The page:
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Have you ever wanted to run, bike and swim a triathlon without having to actually run, bike and swim for three straight hours? At the YMCA of Greater Oklahoma City, members who want to experience the rigors of a triathlon over a longer period of time can sign up for the Idle Ironman fitness challenge.

“The Idle Ironman challenge covers the distance of an Ironman triathlon over 31 days: 2.4 miles swimming, 112 miles biking and 26.2 miles running,” explained Sara Robinson-Holmes, the health and wellness/membership director at the YMCA Healthy Living Center-INTEGRIS, a branch of the Oklahoma City Y.

Beginning September 30, members start working out, with customized plans for the number of sessions they’ll complete at the Y and a specific distance they’re supposed to cover per workout.

And if an individual wants to complete more or less distance than a total triathlon, or would like to focus more specifically on running, cycling or swimming, the Oklahoma City Y has plans tailored to those needs.

“Each participant gets to work with a wellness team member at our YMCA to create an individual completion plan,” said Robison-Holmes. “Half-distance triathlon, Aquabike (swim and bike), Duathlon (bike and run) and double distance plans are available. We give weekly participant progress updates in the facility, and all participants receive an Idle Ironman T-shirt with paid registration.”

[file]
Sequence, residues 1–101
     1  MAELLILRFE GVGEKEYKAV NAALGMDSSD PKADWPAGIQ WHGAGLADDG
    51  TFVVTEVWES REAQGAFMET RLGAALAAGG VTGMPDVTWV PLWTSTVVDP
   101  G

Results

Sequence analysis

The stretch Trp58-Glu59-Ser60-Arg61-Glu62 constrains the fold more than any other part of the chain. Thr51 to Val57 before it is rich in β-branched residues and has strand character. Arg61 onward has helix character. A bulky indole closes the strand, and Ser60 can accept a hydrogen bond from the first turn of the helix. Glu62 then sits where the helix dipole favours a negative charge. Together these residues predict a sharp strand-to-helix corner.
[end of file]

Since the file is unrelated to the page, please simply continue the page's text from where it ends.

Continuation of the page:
2019 will mark the sixth year the YMCA of Greater Oklahoma City has hosted the Idle Ironman challenge, and it has become one of the association’s most unique and popular fitness challenges.

“This challenge began in 2014 and we have hosted it annually since,” said Robinson-Holmes. “It began in an effort to launch a year-long calendar of wellness challenges to inspire members to set and achieve goals.”

The Idle Ironman challenge has accomplished its goal of engaging members and creating an environment in which they can strive for something seemingly impossible — like covering the distance of a triathlon.

“The biggest benefit to our members is a sense of engagement and community beyond their Y membership,” shared Robinson-Holmes. “It encourages all levels of fitness to set new goals and reach to achieve them.”

And as Idle Ironman participants cross the finish line, the Oklahoma City Y is able to use the challenge’s popularity to turn prospective members into dedicated members, according to Robinson-Holmes. “This program helps us to move the dial on the overall membership experience, taking the member from a casual YMCA participant, to an engaged YMCA member,” she said.

Bobby Dyer

Bobby is the former editor of Community Rec Magazine.

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